Key takeaways

In current machine learning systems, the performance of a system is closely related to how much compute is spent during the training process. However, it is also possible to augment the capabilities of a trained model at the cost of increasing compute usage during inference or reduce compute usage during inference at the cost of lower performance. For example, models can be pruned to reduce their inference cost, or instructed to reason via chains of thought, which increases their inference cost.

Based on evidence from five concrete techniques (model scaling, Monte Carlo Tree Search, pruning, resampling, and chain of thought), we expect that, relative to most current models (eg: GPT-4) it is possible to:

  1. Increase the amount of compute per inference by 1-2 orders of magnitude (OOM), in exchange for saving ~1 OOM in training compute while maintaining performance. We expect this to be the case in most language tasks that don’t require specific factual knowledge or very concrete skills (eg: knowing how to rhyme words).
  2. Increase the amount of compute per inference by 2-3 OOM, in exchange for saving ~2 OOM in training compute while maintaining performance. We expect this to be possible for tasks which have a component of sequential reasoning or can be decomposed into easier subtasks.
  3. Increase the amount of compute per inference by 5-6 OOM in exchange for saving 3-4 OOM in training compute. We expect this to happen only for tasks in which solutions can be verified cheaply, and in which many attempts can be made in parallel at low cost. We have only observed this in the case of solving coding problems and proving statements in formal mathematics.
  4. In the other direction, it is also possible to reduce compute per inference by at least ~1 OOM while maintaining performance, in exchange for increasing training compute by 1-2 OOM. We expect this to be the case in most tasks.1

A key implication from this work is highlighting a tradeoff between model capabilities and scale of deployment. Since inference is the dominant cost for models deployed at scale,2 AI companies will apply some of these compute-saving techniques to minimize the inference costs of the models they offer to the public.3

Meanwhile, these companies might be able to leverage additional inference compute to achieve better capabilities at a smaller scale, either for internal use or for a small number of external customers. Policy proposals which seek to control the advancement or proliferation of dangerous AI capabilities should take this possibility into account.

Summary Figure: Tradeoff diagrams of the four techniques we studied in greatest depth. The solid curves indicate constant performance. The shaded region is the span of efficient exchange: the region in which it is possible to trade off the two types of compute at a marginal exchange rate better than 6 to 1. In some cases the size of the span increases with scale, in others it decreases with scale.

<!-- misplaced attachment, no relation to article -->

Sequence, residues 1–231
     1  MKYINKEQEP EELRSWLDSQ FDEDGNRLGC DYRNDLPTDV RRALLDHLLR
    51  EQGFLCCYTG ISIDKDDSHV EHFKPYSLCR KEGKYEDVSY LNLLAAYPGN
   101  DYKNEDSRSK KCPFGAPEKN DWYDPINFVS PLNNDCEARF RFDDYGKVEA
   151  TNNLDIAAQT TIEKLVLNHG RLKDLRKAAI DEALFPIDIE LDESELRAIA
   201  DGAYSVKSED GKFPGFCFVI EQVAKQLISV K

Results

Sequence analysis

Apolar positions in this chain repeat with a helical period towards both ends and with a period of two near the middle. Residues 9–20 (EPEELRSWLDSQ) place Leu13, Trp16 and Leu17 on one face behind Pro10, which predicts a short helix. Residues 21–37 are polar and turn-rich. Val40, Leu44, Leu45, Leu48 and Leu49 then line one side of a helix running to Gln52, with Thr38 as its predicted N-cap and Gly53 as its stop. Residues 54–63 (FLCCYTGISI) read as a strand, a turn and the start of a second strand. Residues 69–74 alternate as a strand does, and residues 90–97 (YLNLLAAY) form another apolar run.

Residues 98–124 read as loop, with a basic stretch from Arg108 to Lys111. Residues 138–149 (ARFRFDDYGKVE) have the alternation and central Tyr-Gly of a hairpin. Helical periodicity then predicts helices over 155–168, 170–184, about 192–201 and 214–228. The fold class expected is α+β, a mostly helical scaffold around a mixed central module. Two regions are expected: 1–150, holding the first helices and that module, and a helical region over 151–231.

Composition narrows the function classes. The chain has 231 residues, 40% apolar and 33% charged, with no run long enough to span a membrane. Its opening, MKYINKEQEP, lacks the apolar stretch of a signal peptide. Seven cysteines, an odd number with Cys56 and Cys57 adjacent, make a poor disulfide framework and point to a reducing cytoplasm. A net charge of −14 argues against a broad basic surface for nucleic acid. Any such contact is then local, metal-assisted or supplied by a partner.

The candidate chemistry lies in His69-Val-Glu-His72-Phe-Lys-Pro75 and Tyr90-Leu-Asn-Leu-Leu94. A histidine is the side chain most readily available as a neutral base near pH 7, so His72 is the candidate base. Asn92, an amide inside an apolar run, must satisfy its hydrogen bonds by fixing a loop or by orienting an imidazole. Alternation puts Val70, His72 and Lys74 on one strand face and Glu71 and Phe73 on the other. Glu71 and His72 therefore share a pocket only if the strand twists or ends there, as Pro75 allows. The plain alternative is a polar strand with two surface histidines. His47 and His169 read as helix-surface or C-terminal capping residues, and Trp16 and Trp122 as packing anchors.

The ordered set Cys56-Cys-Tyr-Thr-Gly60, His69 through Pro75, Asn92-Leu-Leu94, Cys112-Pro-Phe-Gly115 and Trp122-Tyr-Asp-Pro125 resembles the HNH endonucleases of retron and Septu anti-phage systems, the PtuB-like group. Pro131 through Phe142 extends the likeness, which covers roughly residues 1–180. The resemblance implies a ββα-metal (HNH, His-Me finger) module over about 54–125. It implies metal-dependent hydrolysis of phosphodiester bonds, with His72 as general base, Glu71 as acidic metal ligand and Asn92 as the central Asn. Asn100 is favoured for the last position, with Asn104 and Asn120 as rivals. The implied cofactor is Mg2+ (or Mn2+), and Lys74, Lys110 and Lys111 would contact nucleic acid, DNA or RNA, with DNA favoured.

Technique Max span of tradeoff in training Max span of tradeoff in inference Effect of increasing scale How current models are used
Varying scaling policy 1.2 OOM 0.7 OOM None Minimal training compute
MCTS 1.6 OOM 1.6 OOM Span suddenly approaches 0 as model approaches perfect performance Mixed
Pruning ~1 OOM ~1 OOM

Slightly increasing span, increasing returns to training4

Minimal training compute

Repeated sampling - cheap verification5


Increasing span6

Minimal inference compute
Repeated sampling - expensive verification 1 OOM 1.45 OOM None Minimal inference compute
Chain of thought


NA Unknown Minimal inference compute

Summary Table: For each of the five techniques we studied, we display: the maximum size of the tradeoff in both training and inference compute; how the tradeoff behaves as models are scaled; and in which region of the tradeoff current models usually stand. ‘Minimal training compute’ indicates that current models are trained using as little training compute as possible given their performance.



The relationship between training compute and capabilities in machine learning systems is well known, and has been extensively studied through the lens of scaling laws.8 This relationship is responsible for the current concentration of advanced AI capabilities in companies with access to vast quantities of compute. It is also used for forecasting AI capabilities, and forms the technical foundation for some proposed policies designed to control the advancement and proliferation of frontier AI capabilities.9

Less attention has been paid to the effect of inference compute on capabilities. While this effect is limited, we argue that it is significant enough to warrant consideration. There are multiple techniques that enable spending more compute during inference in exchange for improved capabilities. This possibility induces a tradeoff between spending more resources on training or spending more resources on inference.

The relationship between training and inference compute is complex: we must distinguish between the cost of running a single inference, which is a technical characteristic of the model, and the aggregate cost of all the inferences over the lifetime of a model, which additionally depends on the number of inferences run.

The cost of running a single inference is much smaller than the cost of the training process. A good rule of thumb is that the cost of an inference is close to the square root of the cost of training (see Figure A), albeit with significant variability.10 Meanwhile, the aggregated cost of inference over the lifetime of a model often greatly exceeds the cost of training, because the same model is used to perform a large number of inferences.11